A Real Fish Story: Fifth-Graders to Release School-Raised Steelhead Trout into American River
Golden Empire Elementary School teacher among few in state licensed to raise protected species
It’s never easy to say good-bye when a little one leaves the nest. Or, in this case, leaves the 10-gallon fish tank.
But on Friday, a group of fifth-graders from Golden Empire Elementary School will bravely bid adieu to two-dozen baby steelhead trout they raised from eggs. The release is the culmination of a class study of both fish life cycles and the eco-system of the river.
The release will take place at 9:30 a.m. on Friday, April 15, in River Bend Park (formerly Goethe Park). The students will assemble in the circular parking lot off Ron Beaudry Drive near the restroom facilities and head off to a nearby elbow in the river for the release.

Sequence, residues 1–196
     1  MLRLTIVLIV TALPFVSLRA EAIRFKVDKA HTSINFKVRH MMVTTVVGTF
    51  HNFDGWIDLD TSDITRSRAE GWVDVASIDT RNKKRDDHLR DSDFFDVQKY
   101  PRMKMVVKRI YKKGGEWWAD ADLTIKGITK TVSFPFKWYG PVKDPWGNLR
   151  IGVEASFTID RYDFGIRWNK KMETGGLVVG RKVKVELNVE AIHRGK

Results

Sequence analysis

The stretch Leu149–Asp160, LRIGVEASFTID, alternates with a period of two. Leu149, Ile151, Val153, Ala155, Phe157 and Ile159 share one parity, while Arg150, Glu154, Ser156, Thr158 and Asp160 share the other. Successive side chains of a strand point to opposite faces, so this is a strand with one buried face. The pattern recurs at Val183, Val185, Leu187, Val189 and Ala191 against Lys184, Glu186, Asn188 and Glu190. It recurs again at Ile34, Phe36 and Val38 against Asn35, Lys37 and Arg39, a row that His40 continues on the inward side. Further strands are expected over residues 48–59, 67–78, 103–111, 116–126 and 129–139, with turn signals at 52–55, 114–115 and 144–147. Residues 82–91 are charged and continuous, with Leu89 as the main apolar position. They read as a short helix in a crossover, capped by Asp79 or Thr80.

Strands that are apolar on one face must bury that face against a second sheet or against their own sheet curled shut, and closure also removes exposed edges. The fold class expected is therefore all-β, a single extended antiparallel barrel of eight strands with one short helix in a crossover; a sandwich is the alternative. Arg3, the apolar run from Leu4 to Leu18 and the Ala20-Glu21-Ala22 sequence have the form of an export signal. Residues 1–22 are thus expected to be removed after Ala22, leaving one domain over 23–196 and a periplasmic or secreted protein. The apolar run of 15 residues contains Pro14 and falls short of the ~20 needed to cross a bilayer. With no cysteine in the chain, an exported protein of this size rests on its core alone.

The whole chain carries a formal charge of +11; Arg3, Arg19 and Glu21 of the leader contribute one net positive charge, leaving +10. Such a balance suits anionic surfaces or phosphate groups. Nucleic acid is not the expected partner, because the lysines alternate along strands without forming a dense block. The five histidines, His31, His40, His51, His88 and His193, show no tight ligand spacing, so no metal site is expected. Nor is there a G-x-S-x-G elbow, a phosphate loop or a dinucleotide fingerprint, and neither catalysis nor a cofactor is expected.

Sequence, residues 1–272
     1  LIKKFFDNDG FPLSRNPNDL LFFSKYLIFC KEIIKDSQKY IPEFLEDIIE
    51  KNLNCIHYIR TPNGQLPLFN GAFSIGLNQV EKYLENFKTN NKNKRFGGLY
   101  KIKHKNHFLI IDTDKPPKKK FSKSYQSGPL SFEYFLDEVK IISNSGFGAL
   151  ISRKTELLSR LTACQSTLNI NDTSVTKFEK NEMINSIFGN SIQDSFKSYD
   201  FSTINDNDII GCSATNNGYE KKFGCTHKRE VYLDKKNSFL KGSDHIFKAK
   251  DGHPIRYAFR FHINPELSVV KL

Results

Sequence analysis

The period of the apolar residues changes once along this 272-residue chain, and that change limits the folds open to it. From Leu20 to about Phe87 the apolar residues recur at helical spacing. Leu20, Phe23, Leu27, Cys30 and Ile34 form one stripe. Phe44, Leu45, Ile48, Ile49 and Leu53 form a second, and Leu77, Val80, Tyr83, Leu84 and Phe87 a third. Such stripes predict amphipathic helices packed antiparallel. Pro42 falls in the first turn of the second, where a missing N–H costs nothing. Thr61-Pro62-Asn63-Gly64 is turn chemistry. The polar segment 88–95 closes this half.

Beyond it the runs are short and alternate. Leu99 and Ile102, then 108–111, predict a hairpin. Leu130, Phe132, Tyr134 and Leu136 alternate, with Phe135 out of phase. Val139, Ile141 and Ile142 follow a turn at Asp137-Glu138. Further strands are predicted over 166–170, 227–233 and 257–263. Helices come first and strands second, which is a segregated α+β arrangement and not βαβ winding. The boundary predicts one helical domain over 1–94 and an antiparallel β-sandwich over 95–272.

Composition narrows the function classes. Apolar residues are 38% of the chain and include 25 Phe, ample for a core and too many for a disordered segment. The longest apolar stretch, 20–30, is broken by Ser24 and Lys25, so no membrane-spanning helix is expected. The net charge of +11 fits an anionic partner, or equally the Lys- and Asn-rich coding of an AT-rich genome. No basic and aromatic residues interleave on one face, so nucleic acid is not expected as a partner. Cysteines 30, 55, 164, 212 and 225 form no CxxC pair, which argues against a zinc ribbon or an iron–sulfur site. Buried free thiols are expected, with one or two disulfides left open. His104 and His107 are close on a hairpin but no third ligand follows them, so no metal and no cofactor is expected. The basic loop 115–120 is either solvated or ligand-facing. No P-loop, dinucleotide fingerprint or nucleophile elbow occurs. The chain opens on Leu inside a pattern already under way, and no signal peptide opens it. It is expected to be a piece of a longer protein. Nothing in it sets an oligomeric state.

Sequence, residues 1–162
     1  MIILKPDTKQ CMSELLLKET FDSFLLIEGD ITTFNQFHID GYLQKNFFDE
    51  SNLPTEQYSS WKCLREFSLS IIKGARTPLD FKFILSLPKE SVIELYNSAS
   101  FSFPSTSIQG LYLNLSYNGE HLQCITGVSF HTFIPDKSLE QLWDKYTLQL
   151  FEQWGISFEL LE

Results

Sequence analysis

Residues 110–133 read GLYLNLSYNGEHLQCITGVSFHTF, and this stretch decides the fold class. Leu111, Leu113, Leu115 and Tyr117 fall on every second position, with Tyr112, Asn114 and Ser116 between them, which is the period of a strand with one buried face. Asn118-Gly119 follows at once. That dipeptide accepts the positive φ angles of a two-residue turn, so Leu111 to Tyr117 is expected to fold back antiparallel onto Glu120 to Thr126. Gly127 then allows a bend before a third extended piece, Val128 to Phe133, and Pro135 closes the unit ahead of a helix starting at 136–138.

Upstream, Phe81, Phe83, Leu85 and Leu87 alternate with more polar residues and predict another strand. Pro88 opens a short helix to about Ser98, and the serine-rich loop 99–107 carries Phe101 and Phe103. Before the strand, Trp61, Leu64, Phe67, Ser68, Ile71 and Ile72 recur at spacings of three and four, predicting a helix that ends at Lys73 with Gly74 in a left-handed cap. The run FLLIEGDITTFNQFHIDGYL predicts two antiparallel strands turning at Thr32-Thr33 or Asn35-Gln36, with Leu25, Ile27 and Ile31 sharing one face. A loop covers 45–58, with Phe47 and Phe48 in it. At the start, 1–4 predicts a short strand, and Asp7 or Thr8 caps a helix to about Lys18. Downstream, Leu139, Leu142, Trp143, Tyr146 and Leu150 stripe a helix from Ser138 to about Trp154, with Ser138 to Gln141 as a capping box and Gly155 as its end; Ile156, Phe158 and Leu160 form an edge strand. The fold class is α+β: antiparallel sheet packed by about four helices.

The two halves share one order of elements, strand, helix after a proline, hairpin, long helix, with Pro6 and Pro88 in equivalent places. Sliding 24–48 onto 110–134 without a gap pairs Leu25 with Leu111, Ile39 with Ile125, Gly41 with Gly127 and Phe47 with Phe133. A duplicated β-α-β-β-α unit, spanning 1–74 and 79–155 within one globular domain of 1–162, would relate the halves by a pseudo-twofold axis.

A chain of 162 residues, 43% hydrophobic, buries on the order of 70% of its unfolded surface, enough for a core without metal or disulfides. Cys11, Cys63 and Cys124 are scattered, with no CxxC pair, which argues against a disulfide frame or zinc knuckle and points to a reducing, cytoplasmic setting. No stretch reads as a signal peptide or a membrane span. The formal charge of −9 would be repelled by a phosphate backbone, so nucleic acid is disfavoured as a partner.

The “Fish in the Classroom” program is the work of teacher Mark Bergeron, who is dedicated to connecting his students to the environment in a hands-on way. “We live in ‘River City’ at the confluence of two great rivers, and it’s important for these students to be aware of the life cycles of the species that live in the river,” says Bergeron. “Steelhead, especially, are very important to the health of the river.”
The fish hatched from eggs in Bergeron’s classroom aquarium on February 18. Students have worked hard since to keep the tiny critters alive until now, carefully monitoring the tank’s oxygen supply and giving the hatchlings just the right food.
“The students will be sad to see the fish go,” says Bergeron.
Some of the kids have named the fish, making it even harder to
set them free, he says.
Because steelhead trout are a federally protected species, those who raise them must first undergo training at the Nimbus hatchery and receive a license from the state. Bergeron has been licensed to raise both trout and salmon since 1999.